How do we revolutionize theater with a classical piece of text in a gatekept theatrical space? As “Black, lesbian, feminist, socialist, mother, warrior, poet” Audre Lorde says, “The Master’s Tools Will Never Dismantle the Master’s House.” Fat Ham, inspired by the Shakespeare play Hamlet and currently produced on Broadway, arguably would not be able to change much by Lorde’s standards. However, I believe that the visibility proffered by a Broadway venue (even if Broadway can be largely inaccessible) on top of a widely known text gives a platform for revolutionary ideas and acts, which, in this case, take the form of reimagination.
Just as the tools we are given cannot dismantle the world that has come with them, when we imagine beyond what we are told, when we dream outside of the world we exist in, we are able to begin to see new possibilities of what society and communities could look like. In Fat Ham, playwright James Ijames and his characters dream bigger than Shakespeare, bigger than the new play’s contemporary backyard barbecue setting and consequent societal expectations in order to introduce to us a new way of thinking and being for the future of theater.
This Is Not An Adaptation
I have always been a Shakespeare kid. I remember A Midsummer Night’s Dream being the first of his plays that I read on my own. I was in my tween-hood and, for some reason, I thought his works were the coolest plays to exist (this has since changed, but I definitely still love many of them). When I began to perform in them, I thought there was a “right way” to “do Shakespeare.” The scansion had to be perfect, the characters had to be regal, the scenes had to be played a certain way. Where did I get these ideas from? No clue. Do any of them stand true? Absolutely not. I rarely saw people who looked like me, performing alongside me or in other pieces. I saw very little racial diversity or representation in Shakespeare across the board growing up, and rarely any deviation from what was considered “good Shakespeare.” For a long time there was, and in many cases still is, an unspoken standard, an unclear set of rules, an inaccessibility that surrounds Shakespeare and other canonized texts. I’ve been unlearning these ideas and practices, but with Fat Ham, James Ijames manages to respectfully and deliberately send all of those rules and regulations crashing down. Instead of seeing Shakespeare as untouchable, and myself as having to be perfect within it, Ijames makes room for our full selves in this new work. It’s a love letter to those of us who loved the Bard, but couldn’t see ourselves or be ourselves in it; it may also be a death knell for traditional beliefs surrounding Shakespearean performances that have become harmful and essentially useless. In all, Fat Ham is this Black, queer, classically trained actor’s dream, and the manifestation of everything I didn't know I needed regarding modern theater.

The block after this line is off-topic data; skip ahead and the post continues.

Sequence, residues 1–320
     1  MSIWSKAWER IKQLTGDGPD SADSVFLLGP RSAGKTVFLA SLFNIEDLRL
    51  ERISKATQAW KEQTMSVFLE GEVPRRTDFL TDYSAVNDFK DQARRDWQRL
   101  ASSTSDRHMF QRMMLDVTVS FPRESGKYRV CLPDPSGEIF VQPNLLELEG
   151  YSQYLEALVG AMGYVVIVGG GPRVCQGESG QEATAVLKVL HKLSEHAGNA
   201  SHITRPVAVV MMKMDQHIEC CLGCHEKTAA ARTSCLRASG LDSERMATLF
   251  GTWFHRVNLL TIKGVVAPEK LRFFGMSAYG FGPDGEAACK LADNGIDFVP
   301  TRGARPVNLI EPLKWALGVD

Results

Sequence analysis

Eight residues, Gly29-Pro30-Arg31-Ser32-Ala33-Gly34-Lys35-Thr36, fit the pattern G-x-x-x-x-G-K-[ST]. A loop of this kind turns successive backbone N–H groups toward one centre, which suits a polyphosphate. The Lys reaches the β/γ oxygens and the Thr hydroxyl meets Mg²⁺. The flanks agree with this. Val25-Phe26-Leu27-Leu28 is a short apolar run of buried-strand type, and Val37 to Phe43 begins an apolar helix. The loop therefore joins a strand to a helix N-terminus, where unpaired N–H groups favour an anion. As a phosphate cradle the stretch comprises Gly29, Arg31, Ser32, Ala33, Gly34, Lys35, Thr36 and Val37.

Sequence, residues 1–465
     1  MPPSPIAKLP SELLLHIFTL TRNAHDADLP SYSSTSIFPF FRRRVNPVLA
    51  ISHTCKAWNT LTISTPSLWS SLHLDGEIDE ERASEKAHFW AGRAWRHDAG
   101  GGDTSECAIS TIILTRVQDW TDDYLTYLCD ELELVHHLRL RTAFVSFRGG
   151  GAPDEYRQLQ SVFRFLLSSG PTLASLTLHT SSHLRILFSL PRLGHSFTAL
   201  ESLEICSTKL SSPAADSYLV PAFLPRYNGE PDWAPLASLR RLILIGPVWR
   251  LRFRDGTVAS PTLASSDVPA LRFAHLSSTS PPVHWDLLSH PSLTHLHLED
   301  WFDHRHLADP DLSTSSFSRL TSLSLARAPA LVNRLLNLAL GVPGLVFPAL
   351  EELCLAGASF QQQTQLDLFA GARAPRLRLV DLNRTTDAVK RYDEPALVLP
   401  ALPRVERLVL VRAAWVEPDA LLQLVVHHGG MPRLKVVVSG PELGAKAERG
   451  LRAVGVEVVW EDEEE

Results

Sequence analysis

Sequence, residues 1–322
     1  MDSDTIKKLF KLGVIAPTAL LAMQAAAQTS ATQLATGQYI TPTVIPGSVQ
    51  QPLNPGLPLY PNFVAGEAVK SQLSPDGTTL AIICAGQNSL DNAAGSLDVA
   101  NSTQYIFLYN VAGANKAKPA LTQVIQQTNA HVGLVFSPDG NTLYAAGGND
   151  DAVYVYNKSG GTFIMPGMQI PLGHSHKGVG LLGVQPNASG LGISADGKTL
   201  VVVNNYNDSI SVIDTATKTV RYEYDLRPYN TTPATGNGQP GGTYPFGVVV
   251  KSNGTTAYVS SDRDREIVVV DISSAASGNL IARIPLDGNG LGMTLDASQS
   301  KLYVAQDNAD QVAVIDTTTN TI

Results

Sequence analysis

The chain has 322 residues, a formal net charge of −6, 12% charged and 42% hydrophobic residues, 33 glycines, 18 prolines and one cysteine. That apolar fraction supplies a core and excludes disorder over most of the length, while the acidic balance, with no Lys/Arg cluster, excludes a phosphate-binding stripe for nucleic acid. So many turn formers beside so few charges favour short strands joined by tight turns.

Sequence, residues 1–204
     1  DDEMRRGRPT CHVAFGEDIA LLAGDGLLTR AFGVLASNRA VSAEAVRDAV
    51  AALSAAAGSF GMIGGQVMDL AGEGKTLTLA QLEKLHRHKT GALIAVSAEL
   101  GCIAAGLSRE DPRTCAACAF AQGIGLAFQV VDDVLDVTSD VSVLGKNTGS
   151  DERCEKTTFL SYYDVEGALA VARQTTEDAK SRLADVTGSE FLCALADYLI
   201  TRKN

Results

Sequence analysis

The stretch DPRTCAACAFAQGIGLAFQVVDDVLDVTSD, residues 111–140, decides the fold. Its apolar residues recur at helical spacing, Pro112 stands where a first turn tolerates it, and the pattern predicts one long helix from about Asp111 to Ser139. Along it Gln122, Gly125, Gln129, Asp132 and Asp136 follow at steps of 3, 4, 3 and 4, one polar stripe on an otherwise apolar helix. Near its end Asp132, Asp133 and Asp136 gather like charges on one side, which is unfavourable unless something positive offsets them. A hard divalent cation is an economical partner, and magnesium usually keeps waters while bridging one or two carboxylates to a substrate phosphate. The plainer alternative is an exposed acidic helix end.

An experience that all three of us shared was the opportunity to study at Shakespeare’s Globe Theatre in London, where we were able to learn about original Shakespeare performances. As a ~Shakespeare girlie~, I loved that Fat Ham —without being a retelling of Hamlet, or even trying to be— took what was useful from Shakespearean practice to tell the story.
One such practice was the building of an actor-audience relationship. The Globe was/is an outdoor theater where everyone could see everyone else, in the audience and on stage. There was no fourth wall like what gets created in our modern-day Broadway houses - where the lights go down when the show begins and everyone has to be quiet, sit in their seat, and stay in their lane. Everybody was up and bustling during plays in Shakespeare’s time. And while that’s not super possible in the American Airlines Theatre (and even if it was, probably not conducive to the storytelling) the Fat Ham team did an incredible job of bringing the spirit of audience acknowledgment and participation to the production. Asides were addressed directly to the audience. Actors entered through the house, immediately expanding the world of the play from just the stage. Suddenly, we were all in Juicy’s (Marcel Spears) backyard for the cookout, where he tells us exactly what he’s thinking. We become his confidant, his sounding board, and his partners in crime. We become complicit. And it’s not only him— the other actors acknowledge us as well, always referring to the relationship we have built with Juicy, and often wary of what he has said about them. It skillfully facilitates an exploration of identity: what is being said about people, and does that align with who they truly are? What expectations are built from that? And what is our responsibility to them?